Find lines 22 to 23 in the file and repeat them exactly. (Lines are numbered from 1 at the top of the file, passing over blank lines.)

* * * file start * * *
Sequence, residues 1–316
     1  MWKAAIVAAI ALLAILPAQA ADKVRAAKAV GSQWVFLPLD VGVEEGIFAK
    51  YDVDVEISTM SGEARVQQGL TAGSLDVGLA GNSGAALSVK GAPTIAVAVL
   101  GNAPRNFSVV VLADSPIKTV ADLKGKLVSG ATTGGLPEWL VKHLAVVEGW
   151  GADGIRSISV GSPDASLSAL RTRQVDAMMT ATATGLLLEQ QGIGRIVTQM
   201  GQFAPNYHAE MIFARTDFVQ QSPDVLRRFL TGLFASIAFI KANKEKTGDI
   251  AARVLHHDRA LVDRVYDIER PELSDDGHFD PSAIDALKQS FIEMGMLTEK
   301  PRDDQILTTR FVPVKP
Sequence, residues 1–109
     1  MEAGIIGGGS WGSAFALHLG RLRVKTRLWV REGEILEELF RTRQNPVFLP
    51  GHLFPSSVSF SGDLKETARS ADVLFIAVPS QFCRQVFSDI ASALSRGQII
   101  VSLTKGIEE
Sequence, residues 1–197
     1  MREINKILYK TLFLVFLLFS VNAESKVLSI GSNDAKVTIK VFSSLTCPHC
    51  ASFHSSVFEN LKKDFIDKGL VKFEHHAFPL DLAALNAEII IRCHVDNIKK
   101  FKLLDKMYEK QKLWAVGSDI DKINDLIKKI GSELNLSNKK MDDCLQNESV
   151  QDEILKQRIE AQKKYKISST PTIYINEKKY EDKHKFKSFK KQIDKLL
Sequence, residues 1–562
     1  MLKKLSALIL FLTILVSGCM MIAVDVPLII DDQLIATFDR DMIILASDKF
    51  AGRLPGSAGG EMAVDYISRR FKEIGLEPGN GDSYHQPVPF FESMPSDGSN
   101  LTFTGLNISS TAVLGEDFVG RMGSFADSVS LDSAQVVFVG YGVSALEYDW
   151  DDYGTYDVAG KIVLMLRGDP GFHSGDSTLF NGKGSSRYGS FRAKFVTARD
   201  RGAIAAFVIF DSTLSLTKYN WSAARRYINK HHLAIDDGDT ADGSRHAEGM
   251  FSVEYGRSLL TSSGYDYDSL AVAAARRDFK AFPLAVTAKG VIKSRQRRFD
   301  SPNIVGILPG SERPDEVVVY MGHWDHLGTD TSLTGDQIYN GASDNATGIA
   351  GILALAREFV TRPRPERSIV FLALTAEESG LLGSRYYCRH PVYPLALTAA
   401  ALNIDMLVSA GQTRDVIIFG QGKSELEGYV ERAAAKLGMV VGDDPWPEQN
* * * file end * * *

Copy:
   151  DDYGTYDVAG KIVLMLRGDP GFHSGDSTLF NGKGSSRYGS FRAKFVTARD
   201  RGAIAAFVIF DSTLSLTKYN WSAARRYINK HHLAIDDGDT ADGSRHAEGM